Oh, I almost forgot. You don't need a barometric damper, in fact it may hamper the performance of your stove.

You can operate these stoves safely to around 600 degrees as a constant. Since I have the other small base heater upstairs I never need to run the No 6 above 400 or so. If I didn't use the small stove I would operate the big stove up around 500. My stove likes to run around 450. A 50 pound load of coal at that temperature will last a whole day.
The thing is every house and every chimney is different. Your set up will have its own unique characteristics.
Coal burning is learned only one way, by actually doing it. Again don't worry we've got you covered.
wsherrick
 
Hand Fed Coal Stove: Glenwood Base Heater, Crawford Base Heater
Baseburners & Antiques: Crawford Base Heater, Glenwood, Stanley Argand
Coal Size/Type: Chestnut, Stove Size

Re: Picked up a 1928 Oakland #6 Baseheater! Heres my plan

PostBy: SteveZee On: Mon Jan 07, 2013 6:51 am

ez2remember wrote:Thanks for the compliments guys. This is my first coal stove and Im nervous about the functionality of it. I know it should do pretty well, but I justified the investment to myself and my wife by thinking that the heat output will heat the whole house without the use of my primary heat (oil burner). Im just nervous is all. Can't wait to see how she does.
-Steve

This depends on where the stove is located and how big your house is, plus getting the heat circulated. Your description of hook up sounds like allot of pipe before getting to the chimney? Can you explain this a little better or a drawing?
Thus far this winter, I have not used my oil burner at all. Due to the layout of my house and it's size, I use two stoves. Both Glenwoods, a heater and cookstove.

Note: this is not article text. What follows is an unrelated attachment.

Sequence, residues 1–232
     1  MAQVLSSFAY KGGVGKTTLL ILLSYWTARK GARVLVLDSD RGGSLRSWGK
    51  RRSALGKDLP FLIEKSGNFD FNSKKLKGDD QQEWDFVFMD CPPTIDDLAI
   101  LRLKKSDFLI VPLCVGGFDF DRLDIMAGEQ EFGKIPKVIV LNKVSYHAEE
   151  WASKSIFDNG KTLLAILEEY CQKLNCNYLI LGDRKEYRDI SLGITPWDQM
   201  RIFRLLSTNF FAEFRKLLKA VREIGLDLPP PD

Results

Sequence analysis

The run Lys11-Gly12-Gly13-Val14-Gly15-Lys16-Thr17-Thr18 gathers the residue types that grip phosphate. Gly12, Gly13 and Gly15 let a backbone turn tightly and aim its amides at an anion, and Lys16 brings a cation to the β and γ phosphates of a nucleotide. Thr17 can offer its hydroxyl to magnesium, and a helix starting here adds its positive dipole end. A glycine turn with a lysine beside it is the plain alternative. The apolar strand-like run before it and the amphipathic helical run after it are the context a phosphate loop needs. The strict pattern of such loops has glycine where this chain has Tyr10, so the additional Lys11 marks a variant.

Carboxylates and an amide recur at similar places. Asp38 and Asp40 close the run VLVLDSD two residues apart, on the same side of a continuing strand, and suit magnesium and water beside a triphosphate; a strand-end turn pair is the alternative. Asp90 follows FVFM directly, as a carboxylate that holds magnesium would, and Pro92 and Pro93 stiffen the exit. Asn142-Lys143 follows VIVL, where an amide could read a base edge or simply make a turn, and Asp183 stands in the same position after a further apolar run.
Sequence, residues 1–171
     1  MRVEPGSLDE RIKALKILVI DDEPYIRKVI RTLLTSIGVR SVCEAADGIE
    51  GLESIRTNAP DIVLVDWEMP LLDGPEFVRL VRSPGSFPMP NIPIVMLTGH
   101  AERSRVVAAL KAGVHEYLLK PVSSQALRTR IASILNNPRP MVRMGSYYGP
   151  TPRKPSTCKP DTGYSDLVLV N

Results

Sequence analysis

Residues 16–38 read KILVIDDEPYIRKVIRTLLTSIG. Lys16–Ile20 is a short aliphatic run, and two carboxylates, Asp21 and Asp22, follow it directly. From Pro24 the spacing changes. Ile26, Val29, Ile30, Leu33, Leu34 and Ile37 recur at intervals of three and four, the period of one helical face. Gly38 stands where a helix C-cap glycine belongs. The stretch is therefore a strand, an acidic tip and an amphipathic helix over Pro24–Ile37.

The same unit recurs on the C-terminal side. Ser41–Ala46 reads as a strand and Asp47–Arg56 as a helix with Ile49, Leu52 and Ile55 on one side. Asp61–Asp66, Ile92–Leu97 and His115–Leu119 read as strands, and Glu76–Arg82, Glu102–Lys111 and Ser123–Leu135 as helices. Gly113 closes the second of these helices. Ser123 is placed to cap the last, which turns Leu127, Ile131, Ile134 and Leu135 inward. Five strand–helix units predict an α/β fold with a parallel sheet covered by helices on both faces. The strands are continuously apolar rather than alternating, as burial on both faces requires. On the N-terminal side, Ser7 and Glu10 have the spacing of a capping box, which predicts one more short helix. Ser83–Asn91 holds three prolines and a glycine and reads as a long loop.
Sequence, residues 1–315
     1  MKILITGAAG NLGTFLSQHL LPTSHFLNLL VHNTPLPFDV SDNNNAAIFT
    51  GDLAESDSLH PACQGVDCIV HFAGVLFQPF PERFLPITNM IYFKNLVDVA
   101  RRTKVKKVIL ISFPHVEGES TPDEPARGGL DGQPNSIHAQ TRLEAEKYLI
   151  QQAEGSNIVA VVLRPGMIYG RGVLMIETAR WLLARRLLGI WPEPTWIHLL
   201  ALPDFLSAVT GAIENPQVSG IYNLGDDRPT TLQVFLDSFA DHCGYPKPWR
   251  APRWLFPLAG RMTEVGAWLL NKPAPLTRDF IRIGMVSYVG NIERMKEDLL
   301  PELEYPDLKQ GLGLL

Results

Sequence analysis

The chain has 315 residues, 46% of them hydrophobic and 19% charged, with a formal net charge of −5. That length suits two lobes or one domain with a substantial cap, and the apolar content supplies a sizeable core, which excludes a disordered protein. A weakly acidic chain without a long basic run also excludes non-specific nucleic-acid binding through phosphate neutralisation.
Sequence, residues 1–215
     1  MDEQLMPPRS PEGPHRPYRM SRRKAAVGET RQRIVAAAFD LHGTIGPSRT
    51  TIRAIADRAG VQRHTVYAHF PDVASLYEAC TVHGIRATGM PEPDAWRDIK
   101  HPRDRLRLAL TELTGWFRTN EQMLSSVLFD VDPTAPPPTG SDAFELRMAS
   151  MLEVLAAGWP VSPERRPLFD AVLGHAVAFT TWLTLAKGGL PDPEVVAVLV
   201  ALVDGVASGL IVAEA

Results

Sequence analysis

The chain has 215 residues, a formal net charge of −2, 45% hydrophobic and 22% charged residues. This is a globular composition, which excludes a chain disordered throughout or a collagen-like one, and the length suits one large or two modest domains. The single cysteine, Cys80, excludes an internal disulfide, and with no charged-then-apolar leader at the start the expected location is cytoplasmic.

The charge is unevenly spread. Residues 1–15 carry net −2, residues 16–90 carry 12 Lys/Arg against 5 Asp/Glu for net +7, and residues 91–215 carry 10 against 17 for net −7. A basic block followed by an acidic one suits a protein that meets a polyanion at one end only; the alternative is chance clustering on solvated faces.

SteveZee
 
Hand Fed Coal Stove: Glenwood Modern Oak 116 & Glenwood 208 C Range

Re: Picked up a 1928 Oakland #6 Baseheater! Heres my plan

PostBy: franco b On: Mon Jan 07, 2013 2:40 pm

Smokeyja wrote:It has to be way more than that because of the efficiency of that stove. If my kerosene heater puts out 22,600 btu/hr and my WM I believe puts out 40,000btu/hr then that base heater should put out more... But I could be wrong . That stove will transfer those BTUs a lot more efficiently though and the area being heated wil hold the heat for longer .

No stove can put out more heat than the BTU content of the fuel it burns. Knowing the pounds of coal burned and its BTU content minus a percentage for heat lost up the chimney and unburned gasses a pretty close approximation can be made of net output.

For your Warm Morning to put out 40,000 BTU you would have to burn about 92
pounds of coal a day. Probably more.

Kerosene heater makers were also guilty of inflating output. This was proven when Consumer Reports tested them. Your heater would have to burn about 4 gallons in 24 hours to have that output if it was 100 percent efficient, which it is not.
franco b
 
Hand Fed Coal Stove: V ermont Castings 2310, Franco Belge 262
Baseburners & Antiques: Glenwood Modern Oak 114
Coal Size/Type: nut and pea

Re: Picked up a 1928 Oakland #6 Baseheater! Heres my plan

PostBy: ez2remember On: Mon Jan 07, 2013 4:38 pm